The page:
Item #2252 [La Reprinse de la Floride] La Reprise de la Floride, Par le Capitaine de Gourgue. Dominique de Gourgues, Pierre de Vaquieux.
[La Reprinse de la Floride] La Reprise de la Floride, Par le Capitaine de Gourgue.
Gourgues' Recapture of Florida in 1568

[La Reprinse de la Floride] La Reprise de la Floride, Par le Capitaine de Gourgue.

[France]: [18th century]. Manuscript in French on paper, in ink, by a neat hand. In contemporary calf, gilt turn-ins and spine with five raised bands, gilt compartments, and red morocco title label with gilt lettering. Edges gilt. Marbled endpapers. Calligraphic title in a floral frame, colored in blue, red, and gold. [2 (blank)] [119] [3 (blank)] p. Binding slightly rubbed at the extremities. Front free endpaper with old restoration, barely visible. Sporadic foxing throughout. Otherwise in very good condition.

An 18th-century manuscript copy of this exceedingly rare and principal document of the French experience in Florida, the account of Dominique de Gourgues' revenge on the Spaniards in Florida in 1568.

In 1564 a French colonial settlement, Fort Caroline (today Jacksonville), was established in Florida, serving partly a territorial claim in French Florida and partly a safe haven for Huguenots during the French Wars of Religion. However a French presence in the New World did not sit well in Spain, thus Phillip II, King of Spain, who considered the Huguenots to be dangerous heretics, ordered Pedro Menéndez de Avilés, the Spanish admiral and founder of the nearby settlement St. Augustine, to eliminate them. On September 20, 1565, Fort Caroline was sacked by Spanish troops under Menéndez and slaughtered everyone in the fort except for the women and children. As a response, in April 1568, a French Catholic nobleman and soldier Dominique de Gourgues led a French force against the Spanish-held Fort Caroline, which had been renamed Fort San Mateo, and with the help of Indian allies, he captured the fort and murdered the Spanish prisoners as an act of revenge for the slaughter of his Protestant compatriots.

According to Gourgues' biographer Jeannette Thurber Connor, his extraordinary expedition to the east coast of Florida and its dramatic and picturesque narrative “La Reprise de la Floride” was supposedly penned during the year 1570 either by de Gourgues himself or his lifelong friend and executor of his will Pierre de Vaquieux, but historians disagree on the authorship of the text. (Connor, 1968 p. 199)

Contemporary and near-contemporary manuscript copies of the text are held only in two libraries, the Bibliotèque national de France (BnF), and at the Library of Congress (part of the Hans P. Kraus Collection of Hispanic American manuscripts; item no. 144/27, part of a collection of manuscript materials regarding Dominique de Gourgues and his family). Leland in his Guide (Leland, 1932) just as Bennett in the introduction to Connor's Gourgues-biography report about five existing manuscript copies (Bennett, 1968). The latest reference we could find on the matter is in Jonathan DeCoster's 2013 paper in the Florida Historical Quarterly, who reports about seven (DeCoster, 2013). J. Benedict Warren in his Guide claims that besides the copy in the Kraus Collection, only “[s]ix other manuscript versions are known to exist, all of which are now in the Bibliotheque Nationale in Paris”, of which the oldest, dates from the late 16th century (MSS Fr. 20794), three are of the late sixteenth or early seventeenth century and are from the hand of the copyist Robert Leprevost (MSS Fr.: 2145, 6124, and 19899), a copy from later in the 17th century which contains notable variants from the earlier readings (MSS Fr.: 3884) and “[t]he last one, Nouvelles acquisitions 14755, is a 19th-century copy of one of the others and can be left out of the discussion” (Warren, 1974), the priors agree with Leland's list.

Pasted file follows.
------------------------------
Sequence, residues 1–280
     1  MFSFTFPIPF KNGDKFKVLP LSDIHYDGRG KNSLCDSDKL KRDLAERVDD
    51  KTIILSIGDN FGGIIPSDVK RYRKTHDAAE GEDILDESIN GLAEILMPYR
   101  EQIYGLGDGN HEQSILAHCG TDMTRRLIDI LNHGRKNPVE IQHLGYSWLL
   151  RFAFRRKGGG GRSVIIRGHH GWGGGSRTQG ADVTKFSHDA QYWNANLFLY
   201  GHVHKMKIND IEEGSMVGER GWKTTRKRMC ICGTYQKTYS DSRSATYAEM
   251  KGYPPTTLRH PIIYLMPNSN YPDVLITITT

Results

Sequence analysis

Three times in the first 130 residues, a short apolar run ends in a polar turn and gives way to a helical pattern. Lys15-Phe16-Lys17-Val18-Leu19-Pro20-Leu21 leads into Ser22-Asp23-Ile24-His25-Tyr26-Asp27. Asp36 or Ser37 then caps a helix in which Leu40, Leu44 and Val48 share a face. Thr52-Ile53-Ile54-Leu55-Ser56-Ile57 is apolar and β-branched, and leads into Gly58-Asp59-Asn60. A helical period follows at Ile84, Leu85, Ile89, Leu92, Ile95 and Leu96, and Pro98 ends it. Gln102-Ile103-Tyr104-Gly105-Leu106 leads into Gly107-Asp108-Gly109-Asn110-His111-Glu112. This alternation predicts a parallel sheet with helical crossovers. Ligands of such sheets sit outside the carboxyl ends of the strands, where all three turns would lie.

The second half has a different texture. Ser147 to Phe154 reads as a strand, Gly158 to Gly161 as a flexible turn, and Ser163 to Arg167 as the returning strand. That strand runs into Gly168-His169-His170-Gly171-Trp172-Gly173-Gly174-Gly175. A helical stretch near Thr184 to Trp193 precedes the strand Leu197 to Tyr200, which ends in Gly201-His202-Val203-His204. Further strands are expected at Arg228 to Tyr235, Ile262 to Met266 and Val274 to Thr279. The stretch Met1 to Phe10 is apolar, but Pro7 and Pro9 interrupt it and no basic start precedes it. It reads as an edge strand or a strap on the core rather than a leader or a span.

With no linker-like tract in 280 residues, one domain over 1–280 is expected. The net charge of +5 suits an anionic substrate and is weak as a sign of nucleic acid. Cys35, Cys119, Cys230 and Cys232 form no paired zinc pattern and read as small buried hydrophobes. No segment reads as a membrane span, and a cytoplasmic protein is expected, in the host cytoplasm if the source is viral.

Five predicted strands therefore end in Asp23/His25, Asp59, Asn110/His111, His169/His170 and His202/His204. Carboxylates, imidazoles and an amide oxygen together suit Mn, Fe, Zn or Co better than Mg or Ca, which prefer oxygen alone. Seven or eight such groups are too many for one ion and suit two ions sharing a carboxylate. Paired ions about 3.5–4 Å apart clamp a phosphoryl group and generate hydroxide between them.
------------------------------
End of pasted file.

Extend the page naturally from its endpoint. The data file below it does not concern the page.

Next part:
Until the mid-19th-century only summarized versions of the text appeared in printing, a variant under the title Histoire memorable de la reprinse de l'isle de la Floride was published already in 1568 (La Rochelle, Barthélemy Berton) of which only one copy survived and kept at the Bibliotèque Mazarine in Paris. Another abridged versions was printed in La Popelinière's Les Trois Mondes (Paris, 1582) and in René Laudonnière's L'Histoire Notable de la Floride (Paris, 1586). Complete French editions were printed in the 19th century, the first in 1835 by Jules Antoine Taschereau in Revue retrospective ((based on MSS Fr.: 3884), later by Henri Ternaux-Compans (Recueil de pièces sur la Floride, 1841; based on MSS Fr.: 19899), Tamizey de Larroque (La Reprise de la Floride, 1867; based on MSS Fr.: 2145) and Paul Gaffarel (Histoire de la Floride française, 1875; based on MSS Fr.: 2145, 3884, and 6124) (Warren, 1974). The first English translation was made by Jeannette Thurber Connor, based on MSS Fr.: 20794, and published in Bennett's Settlement of Florida, in 1968.

Provenance: With a handwritten ex-libris vignette “DeHansy”, likely a member of the Paris-based bookseller and publisher Dehansy family, e.g. Claude III (1696–1742), Théodore (1700–1771), Honoré-Clément (1736–1808) or another descendant.

Literature: Bennett, Ch. E.: Settlement of Florida. Gainesville: University of Florida Press, 1968.; Connor, J. Th.: The Connor Biography. In: Bennett, Ch. E.: Settlement of Florida. Gainesville: University of Florida Press, 1968. pp. 186–202; DeCoster, J.: “Entangled Borderlands: Europeans and Timucuans in Sixteenth-Century Florida.” The Florida Historical Quarterly. 91.3 (2013): pp. 375–400.; Leland, Waldo Gifford: Guide to Materials for American History in the Libraries and Archives of Paris. Vol. 1. Washington: Carnegie Institution of Washington, 1932.; Warren, J. B.: Hans P. Kraus Collection of Hispanic American Manuscripts: A Guide. Washington: Library of Congress, 1974.

Price: €65,000.00